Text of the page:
UniSA Chair in Mental Health Nursing, Professor Nicholas Procter says the response across SA to opportunities for mental health nurses, health care professionals and people involved across the spectrum in dealing with everyday acute mental health care issues, to share experiences and new ideas has been more than encouraging.
“I think as a professional community, South Australia has responded enthusiastically to the notion that improved mental health care is a priority for the nation,” Prof Procter says.
“As an academic Chair in Mental Health Nursing, an important part of my role is to strengthen the links between educators and practitioners and I believe we’re building very strong relationships so that professionals feel they can come back and do more study and students know that the lessons they are learning are based on real world practice and informed by people out there working in the field.”
Prof Procter said the Mt Gambier Acute Mental Health Care and Risk Practice Development Symposium would follow a successful symposium model that has been used in the city and other regional centres to bring together mental health workers to discuss what is working and what isn’t and learn from shared experiences.
“Getting people together from across the mental health care sector provides a great opportunity for learning,” Prof Procter says.
“We have also been very keen to hear from people who are receiving mental health services because their input is invaluable.”
He says in the past 12 months more than 500 SA Health mental health employees across metropolitan and country South Australia have participated in Mental Health Master Classes and joint SA Health and UniSA symposia as part of a strategy to upskill professionals and create learning networks for health workers.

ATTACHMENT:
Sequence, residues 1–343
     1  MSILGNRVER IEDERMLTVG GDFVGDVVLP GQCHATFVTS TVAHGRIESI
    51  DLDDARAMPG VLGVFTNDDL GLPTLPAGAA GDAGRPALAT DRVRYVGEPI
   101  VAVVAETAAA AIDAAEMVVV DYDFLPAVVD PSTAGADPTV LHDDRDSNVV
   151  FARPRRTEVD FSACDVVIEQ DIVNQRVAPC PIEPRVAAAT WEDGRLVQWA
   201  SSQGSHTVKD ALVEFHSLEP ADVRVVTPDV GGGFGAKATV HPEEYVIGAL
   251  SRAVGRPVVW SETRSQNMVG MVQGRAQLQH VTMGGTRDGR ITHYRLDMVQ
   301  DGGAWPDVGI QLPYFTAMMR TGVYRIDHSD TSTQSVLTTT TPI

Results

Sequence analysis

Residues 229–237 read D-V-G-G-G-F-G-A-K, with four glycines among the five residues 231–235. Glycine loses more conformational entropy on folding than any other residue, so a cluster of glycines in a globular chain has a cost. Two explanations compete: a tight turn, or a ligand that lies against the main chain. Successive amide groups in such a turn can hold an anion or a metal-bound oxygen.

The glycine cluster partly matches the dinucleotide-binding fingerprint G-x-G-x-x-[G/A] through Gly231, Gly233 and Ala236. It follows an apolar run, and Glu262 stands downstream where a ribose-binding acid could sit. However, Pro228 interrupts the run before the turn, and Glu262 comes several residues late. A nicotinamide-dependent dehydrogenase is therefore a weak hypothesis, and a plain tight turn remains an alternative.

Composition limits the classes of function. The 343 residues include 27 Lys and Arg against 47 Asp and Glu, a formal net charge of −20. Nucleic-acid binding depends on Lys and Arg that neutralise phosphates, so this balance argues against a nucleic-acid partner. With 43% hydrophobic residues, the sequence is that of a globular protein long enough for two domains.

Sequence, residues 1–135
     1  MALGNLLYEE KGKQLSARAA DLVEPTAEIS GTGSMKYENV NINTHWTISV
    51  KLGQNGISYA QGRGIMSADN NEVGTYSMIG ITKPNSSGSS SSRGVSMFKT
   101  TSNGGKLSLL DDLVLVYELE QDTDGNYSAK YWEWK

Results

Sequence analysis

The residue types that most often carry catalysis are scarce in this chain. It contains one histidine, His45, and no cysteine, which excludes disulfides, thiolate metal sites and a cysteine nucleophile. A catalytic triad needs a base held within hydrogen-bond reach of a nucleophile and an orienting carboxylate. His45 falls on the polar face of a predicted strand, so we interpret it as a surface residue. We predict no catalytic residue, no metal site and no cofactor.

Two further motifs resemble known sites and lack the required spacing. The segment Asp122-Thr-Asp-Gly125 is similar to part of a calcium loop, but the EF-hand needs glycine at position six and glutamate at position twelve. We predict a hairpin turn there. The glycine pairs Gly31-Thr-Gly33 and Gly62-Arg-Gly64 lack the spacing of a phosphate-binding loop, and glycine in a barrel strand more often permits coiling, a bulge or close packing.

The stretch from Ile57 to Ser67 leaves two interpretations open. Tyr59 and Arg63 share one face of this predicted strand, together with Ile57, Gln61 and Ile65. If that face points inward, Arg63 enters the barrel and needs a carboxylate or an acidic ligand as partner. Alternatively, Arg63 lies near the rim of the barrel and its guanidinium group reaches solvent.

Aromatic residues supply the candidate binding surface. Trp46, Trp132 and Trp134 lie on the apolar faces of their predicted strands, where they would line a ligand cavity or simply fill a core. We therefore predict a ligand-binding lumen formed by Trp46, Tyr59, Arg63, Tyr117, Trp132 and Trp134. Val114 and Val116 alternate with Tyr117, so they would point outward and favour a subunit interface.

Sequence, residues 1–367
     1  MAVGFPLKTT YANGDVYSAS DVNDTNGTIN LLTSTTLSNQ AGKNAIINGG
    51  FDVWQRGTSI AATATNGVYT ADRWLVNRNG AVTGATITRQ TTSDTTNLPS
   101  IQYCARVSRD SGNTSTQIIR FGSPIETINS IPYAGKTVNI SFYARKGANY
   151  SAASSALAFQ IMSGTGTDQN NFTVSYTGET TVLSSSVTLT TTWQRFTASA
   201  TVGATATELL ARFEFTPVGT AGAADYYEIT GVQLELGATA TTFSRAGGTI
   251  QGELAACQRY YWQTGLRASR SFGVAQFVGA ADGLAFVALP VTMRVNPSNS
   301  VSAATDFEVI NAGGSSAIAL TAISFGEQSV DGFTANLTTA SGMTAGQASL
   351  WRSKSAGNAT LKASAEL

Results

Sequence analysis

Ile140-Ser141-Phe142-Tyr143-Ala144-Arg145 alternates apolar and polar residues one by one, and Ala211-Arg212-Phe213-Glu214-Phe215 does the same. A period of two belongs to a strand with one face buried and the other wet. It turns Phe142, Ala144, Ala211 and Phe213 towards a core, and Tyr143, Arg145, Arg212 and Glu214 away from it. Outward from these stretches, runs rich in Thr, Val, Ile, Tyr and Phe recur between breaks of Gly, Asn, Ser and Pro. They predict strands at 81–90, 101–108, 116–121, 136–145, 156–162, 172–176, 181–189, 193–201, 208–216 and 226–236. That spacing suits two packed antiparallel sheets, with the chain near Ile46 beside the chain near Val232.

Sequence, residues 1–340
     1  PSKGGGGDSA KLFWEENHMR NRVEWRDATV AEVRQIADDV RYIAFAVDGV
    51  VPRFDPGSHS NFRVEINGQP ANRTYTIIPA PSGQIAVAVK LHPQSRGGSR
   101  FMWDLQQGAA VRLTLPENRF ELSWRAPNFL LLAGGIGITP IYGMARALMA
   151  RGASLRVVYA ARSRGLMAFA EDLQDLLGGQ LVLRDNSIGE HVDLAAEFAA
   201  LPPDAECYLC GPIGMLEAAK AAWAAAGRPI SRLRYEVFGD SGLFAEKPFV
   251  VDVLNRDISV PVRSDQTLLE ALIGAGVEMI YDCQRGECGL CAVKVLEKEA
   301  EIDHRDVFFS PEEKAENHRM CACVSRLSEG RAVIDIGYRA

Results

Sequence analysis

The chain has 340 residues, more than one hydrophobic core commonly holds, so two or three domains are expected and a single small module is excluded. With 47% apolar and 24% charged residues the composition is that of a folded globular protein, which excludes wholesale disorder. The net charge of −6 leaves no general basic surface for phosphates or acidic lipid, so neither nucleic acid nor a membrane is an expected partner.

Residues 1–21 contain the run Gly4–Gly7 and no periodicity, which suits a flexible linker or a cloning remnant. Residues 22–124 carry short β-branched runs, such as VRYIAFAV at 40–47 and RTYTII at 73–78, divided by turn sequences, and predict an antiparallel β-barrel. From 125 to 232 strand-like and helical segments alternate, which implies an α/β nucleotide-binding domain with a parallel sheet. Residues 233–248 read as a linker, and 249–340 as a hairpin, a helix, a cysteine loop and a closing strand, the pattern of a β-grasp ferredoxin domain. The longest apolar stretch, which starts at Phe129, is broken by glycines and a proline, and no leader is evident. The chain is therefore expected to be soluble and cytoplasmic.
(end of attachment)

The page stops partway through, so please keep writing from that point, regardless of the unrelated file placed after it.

“In addition there has been a 50 per cent increase in the number of Registered Nurses undertaking postgraduate studies in the mental health area,” he says.
“This is an exciting turnaround and one that will mean we can increase the expertise in the workforce to help support better health comes for some of the most marginalised in our society.
“It also means that regional communities such as Mt Gambier which experiences more than 1000 mental health beds a year will have a bigger pool of health professionals to help manage and support these mental health consumers.”
He said the symposium would look at a wide range of issues in a bid to underpin the delivery of more effective, consumer-focused mental health care and treatment and provide more information to health care professionals on evidence-based practice.
The symposium will be led by Prof Procter and Philip Gallet, Mental Health Nursing Director, Country Health SA and will be held at UniSA’s Mt Gambier Regional Centre, on November 11 from 9 am to 4.30 pm.